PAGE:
Feeds

DVLA makes £44m flogging drivers' details

The great government data giveaway, if you've got the cash...

Security for virtualized datacentres

The Driver and Vehicle Licensing Agency has sold more than 18 million names and addresses of drivers since it started the trade five years ago.

Most of the names go to clamping companies and other private parking firms, although the DVLA was keen to stress to us today that it does not make a profit from the trade. It also said the information does not only go to dodgy clamping firms.

Figures from the Daily Mail reveal the government agency has made £43.9m by selling the data culled from 18 million entries.

The DVLA charges £2.50 per address, and the most common request is from private parking companies pursuing people for payments.

There was a large row last year after engine oil firm Castrol did a deal to use number plate recognition technology coupled with data mined from the DVLA database to show personalised posters to drivers.

Castrol hoped to roll out the billboards more widely, but after four days there were so many complaints that the scheme was abandoned. The DVLA said at the time it would investigate and that its data should not be used for marketing purposes.

The DVLA said it only releases information to someone like the police, who have a statutory right to it, or to someone who has reasonable cause to request it such as someone who has suffered material loss or injury. The statement added that unauthorised parking on private land was a big problem, and without DVLA data landowners would have a tough time "enforcing their rights".

The DVLA also made clear it does not profit from the sales - £2.50 simply covers the cost of processing requests. ®

Secure remote control for conventional and virtual desktops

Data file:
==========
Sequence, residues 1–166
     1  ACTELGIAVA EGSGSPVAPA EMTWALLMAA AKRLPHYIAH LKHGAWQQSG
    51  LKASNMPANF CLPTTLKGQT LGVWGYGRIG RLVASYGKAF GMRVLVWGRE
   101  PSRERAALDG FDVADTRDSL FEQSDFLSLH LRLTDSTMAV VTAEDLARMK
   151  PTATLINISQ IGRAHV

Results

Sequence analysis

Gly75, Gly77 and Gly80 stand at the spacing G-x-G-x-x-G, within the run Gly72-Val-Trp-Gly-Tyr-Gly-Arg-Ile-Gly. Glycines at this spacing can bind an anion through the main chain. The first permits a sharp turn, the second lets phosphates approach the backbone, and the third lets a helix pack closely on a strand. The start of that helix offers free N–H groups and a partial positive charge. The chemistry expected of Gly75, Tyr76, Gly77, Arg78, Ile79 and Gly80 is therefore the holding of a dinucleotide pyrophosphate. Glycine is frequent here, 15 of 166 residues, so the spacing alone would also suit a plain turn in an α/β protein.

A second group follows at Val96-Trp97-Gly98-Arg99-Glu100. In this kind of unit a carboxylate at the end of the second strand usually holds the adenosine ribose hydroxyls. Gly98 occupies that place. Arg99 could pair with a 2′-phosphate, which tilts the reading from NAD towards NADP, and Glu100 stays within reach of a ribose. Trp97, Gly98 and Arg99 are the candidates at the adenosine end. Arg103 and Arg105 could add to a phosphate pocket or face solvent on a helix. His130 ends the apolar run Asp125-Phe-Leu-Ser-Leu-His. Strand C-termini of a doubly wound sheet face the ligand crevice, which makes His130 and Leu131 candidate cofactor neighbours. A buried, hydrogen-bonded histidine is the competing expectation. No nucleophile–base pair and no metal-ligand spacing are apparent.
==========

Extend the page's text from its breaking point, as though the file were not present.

More from The Register

next story
Phones 4u slips into administration after EE cuts ties with Brit mobe retailer
More than 5,500 jobs could be axed if rescue mission fails
Special pleading against mass surveillance won't help anyone
Protecting journalists alone won't protect their sources
Phones 4u website DIES as wounded mobe retailer struggles to stay above water
Founder blames 'ruthless network partners' for implosion
Apple's iPhone 6 first-day sales are MEANINGLESS, mutters analyst
Big weekend queues only represent fruity firm's supply
Radio hams can encrypt, in emergencies, says Ofcom
Consultation promises new spectrum and hints at relaxed licence conditions
Bill Gates, drugs and the internet: Top 10 Larry Ellison quotes
'I certainly never expected to become rich ... this is surreal'
Big Content Australia just blew a big hole in its credibility
AHEDA's research on average content prices did not expose methodology, so appears less than rigourous
EMC, HP blockbuster 'merger' shocker comes a cropper
Stand down, FTC... you can put your feet up for a bit
prev story

Whitepapers

Providing a secure and efficient Helpdesk
A single remote control platform for user support is be key to providing an efficient helpdesk. Retain full control over the way in which screen and keystroke data is transmitted.
A strategic approach to identity relationship management
ForgeRock commissioned Forrester to evaluate companies’ IAM practices and requirements when it comes to customer-facing scenarios versus employee-facing ones.
Saudi Petroleum chooses Tegile storage solution
A storage solution that addresses company growth and performance for business-critical applications of caseware archive and search along with other key operational systems.
WIN a very cool portable ZX Spectrum
Win a one-off portable Spectrum built by legendary hardware hacker Ben Heck
The next step in data security
With recent increased privacy concerns and computers becoming more powerful, the chance of hackers being able to crack smaller-sized RSA keys increases.